Okay, we can officially retire Punch Drunk Love as the oft-cited example of Adam Sandler’s competence as an actor. Sandler is a kinetic force in the Safdie Brothers’ wild, breakneck thriller Uncut Gems, a film that races at such a pace, continually raising the stakes to absurd degrees it might be too much for the weak of heart. And Sandler’s the guy thriving in the middle of this raging hurricane, delivering the best performance of his career and making it look damned easy.
The Gambler for a new generation, that classic film doesn’t conjure up a fraction of the desperation and anxiety created by Uncut Gems.. Set in the New York City diamond district, Sandler plays Howard Ratner, a guy who…frankly, it’s really tough to feel sorry for. Howard is that guy you know who just can’t keep his mouth shut, he’s always in some kind of trouble, usually of his own making. Howard may own a jewelry shop, one frequented by NBA stars such as Kevin Garnett, but he’s really just another guy up to his eyeballs in debt. There’s scarcely a person in Howard’s chaotic existence that he isn’t in hock to, and something’s got to give.
Claustrophobic cinematography crams us into Howard’s shrinking world, and we walk practically in his footsteps through every moment, every risk, every inexcusable high-risk decision. EVERY decision Howard makes is terrible, by the way, as if he’s trying to make his situation worse. It can be exhausting, even when Howard seems to have found a way out, because we quickly learn there is no such thing for a guy like him. His ticket out of this seemingly endless cycle of vigs, threats, hustles, and side-bets is a rare black opal diamond acquired from Ethiopia, literally dug out of the earth by poor miners in a sequence that looks like the beginning of an Indiana Jones movie. Supposedly worth millions, Howard intends to auction the jewel off and strike it rich. But of course, nothing is so simple. Garnett enters the shop, thanks to Howard’s associate Demany (Lakeith Stanfield), and becomes entranced by the diamond’s mystical qualities. He asks to borrow it, just for one game, believing it to be an inspiration. Howard…well, he’s just not a smart guy. He makes the absolute worst decision possible, especially with guy around every corner who want their money and are willing to do terrible things to get it.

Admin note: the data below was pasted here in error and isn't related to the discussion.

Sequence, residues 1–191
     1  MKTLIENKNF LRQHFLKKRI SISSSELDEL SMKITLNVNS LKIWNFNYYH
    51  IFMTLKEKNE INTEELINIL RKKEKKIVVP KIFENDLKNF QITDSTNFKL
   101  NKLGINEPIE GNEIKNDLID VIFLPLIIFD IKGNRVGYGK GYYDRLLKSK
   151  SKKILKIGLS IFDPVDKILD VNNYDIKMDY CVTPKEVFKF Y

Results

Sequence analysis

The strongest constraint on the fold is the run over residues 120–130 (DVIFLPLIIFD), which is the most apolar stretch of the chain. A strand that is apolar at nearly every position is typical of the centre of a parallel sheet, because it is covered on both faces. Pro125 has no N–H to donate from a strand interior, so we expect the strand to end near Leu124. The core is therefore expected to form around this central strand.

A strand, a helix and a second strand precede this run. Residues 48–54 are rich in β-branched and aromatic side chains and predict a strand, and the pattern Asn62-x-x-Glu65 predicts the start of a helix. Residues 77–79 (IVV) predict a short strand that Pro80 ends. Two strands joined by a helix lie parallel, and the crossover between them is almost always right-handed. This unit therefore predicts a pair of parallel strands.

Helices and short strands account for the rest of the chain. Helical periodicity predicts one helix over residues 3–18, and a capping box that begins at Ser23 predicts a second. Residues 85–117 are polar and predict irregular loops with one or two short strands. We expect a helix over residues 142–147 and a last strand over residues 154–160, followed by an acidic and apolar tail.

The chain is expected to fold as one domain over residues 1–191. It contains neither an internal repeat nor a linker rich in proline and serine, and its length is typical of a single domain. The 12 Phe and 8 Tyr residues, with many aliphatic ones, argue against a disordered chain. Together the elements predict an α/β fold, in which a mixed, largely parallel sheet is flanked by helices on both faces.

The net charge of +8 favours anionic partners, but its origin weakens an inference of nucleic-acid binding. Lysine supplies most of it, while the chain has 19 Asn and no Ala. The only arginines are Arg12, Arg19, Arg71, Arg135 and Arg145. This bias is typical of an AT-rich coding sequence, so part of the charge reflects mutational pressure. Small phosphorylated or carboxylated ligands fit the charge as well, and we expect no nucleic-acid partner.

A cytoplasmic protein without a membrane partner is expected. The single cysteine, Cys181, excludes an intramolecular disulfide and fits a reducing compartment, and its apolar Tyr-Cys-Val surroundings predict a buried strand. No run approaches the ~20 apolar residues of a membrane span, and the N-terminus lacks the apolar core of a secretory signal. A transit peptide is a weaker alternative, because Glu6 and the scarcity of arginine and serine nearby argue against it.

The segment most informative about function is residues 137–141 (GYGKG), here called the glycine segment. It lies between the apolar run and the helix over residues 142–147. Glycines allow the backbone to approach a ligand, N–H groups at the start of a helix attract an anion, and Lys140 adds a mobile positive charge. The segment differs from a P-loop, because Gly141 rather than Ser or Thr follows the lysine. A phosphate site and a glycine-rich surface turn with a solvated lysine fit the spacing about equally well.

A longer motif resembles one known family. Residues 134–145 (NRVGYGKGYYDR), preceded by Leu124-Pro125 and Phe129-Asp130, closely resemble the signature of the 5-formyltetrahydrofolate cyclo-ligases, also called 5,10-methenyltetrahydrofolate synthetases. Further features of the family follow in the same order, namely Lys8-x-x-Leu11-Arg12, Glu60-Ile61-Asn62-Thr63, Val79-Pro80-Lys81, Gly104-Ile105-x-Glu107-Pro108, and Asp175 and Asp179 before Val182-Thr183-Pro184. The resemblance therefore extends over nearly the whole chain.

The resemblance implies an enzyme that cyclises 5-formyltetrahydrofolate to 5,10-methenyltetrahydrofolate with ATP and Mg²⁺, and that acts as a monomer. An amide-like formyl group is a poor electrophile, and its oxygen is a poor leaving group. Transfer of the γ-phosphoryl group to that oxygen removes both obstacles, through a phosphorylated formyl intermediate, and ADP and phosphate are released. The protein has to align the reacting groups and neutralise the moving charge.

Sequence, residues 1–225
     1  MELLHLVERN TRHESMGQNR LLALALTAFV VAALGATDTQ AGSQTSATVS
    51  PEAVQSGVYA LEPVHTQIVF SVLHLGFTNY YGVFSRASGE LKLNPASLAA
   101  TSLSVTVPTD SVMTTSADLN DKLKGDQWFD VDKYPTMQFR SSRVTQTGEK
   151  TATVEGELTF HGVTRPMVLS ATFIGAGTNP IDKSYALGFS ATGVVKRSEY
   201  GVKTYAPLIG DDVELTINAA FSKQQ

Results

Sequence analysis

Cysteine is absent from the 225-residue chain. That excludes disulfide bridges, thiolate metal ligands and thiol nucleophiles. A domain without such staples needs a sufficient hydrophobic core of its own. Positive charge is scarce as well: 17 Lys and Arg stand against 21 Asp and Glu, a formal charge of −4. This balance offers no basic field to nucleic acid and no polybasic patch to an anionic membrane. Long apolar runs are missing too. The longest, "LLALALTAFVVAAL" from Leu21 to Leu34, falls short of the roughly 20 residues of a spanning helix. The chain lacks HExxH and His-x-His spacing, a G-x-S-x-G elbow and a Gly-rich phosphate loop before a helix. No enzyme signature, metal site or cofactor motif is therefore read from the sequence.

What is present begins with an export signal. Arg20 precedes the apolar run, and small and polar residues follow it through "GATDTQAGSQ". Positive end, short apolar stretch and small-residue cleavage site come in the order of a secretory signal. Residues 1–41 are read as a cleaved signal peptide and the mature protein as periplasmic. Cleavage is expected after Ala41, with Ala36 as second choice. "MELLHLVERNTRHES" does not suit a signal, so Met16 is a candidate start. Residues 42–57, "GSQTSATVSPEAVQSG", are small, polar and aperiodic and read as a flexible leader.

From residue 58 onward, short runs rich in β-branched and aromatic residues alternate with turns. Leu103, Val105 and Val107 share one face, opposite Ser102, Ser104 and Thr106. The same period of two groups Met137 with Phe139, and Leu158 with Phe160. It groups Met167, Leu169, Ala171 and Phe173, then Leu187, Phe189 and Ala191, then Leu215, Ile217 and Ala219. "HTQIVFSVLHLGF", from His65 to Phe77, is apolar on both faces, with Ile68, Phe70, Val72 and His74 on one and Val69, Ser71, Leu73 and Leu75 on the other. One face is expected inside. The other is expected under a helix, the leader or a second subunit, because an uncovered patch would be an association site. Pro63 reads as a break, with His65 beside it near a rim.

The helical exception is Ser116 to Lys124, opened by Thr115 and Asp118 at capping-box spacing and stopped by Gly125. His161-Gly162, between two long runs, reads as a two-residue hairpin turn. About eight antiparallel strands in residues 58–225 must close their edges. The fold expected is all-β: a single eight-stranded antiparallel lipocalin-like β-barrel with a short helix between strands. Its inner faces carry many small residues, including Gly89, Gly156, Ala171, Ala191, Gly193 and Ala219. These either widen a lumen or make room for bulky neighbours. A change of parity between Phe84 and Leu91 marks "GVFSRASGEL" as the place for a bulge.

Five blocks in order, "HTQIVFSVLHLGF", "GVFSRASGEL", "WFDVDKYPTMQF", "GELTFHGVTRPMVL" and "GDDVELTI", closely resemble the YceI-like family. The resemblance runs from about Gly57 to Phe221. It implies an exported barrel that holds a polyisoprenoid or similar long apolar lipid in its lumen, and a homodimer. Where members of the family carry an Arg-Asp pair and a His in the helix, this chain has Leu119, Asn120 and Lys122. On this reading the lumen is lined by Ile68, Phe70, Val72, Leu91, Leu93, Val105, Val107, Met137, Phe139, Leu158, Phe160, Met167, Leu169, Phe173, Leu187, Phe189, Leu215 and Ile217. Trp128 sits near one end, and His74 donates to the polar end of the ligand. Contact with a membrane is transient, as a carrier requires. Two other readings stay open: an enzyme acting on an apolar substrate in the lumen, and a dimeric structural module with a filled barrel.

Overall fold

As if the streets weren’t punishing enough, the Safdies go even deeper and darker when exploring Howard’s personal life. Even at home Howard is living one big con. His marriage to Dinah (Idina Menzel) has been on the rocks for ages, and although they’ve agreed to divorce they’ve yet to let the kids know. Even Howard’s brother-in-law Arno (played by a menacing Eric Bogosian) is after him, and with a pair of mobbed-up goons at his side, too. And of course, Howard has a side-chick (Julia Fox) as if the pressure wasn’t mounting quite enough. All of this ratchets up in ways that are both hysterically pathetic. When a school function for Howard’s daughter ends with him naked and locked inside of a car trunk, you think that would be rock bottom…even though you know deep inside that it isn’t.
A trailblazing examination of greed at its most toxic, Uncut Gems is also about a guy who is willing to do anything to carve out his slice of the American Dream. Howard risks everything to make his mark, and at times you can almost respect him for always betting on himself to come out on top. Set to an electric soundtrack and the Safdies’ dizzying direction, this is a film that will test your mettle like few others do. Somehow more intense than Good Time and twice as haywire, Uncut Gems reveals the Safdies to be filmmakers who revel in the anarchy they cause, and invite others to revel in it right along with them.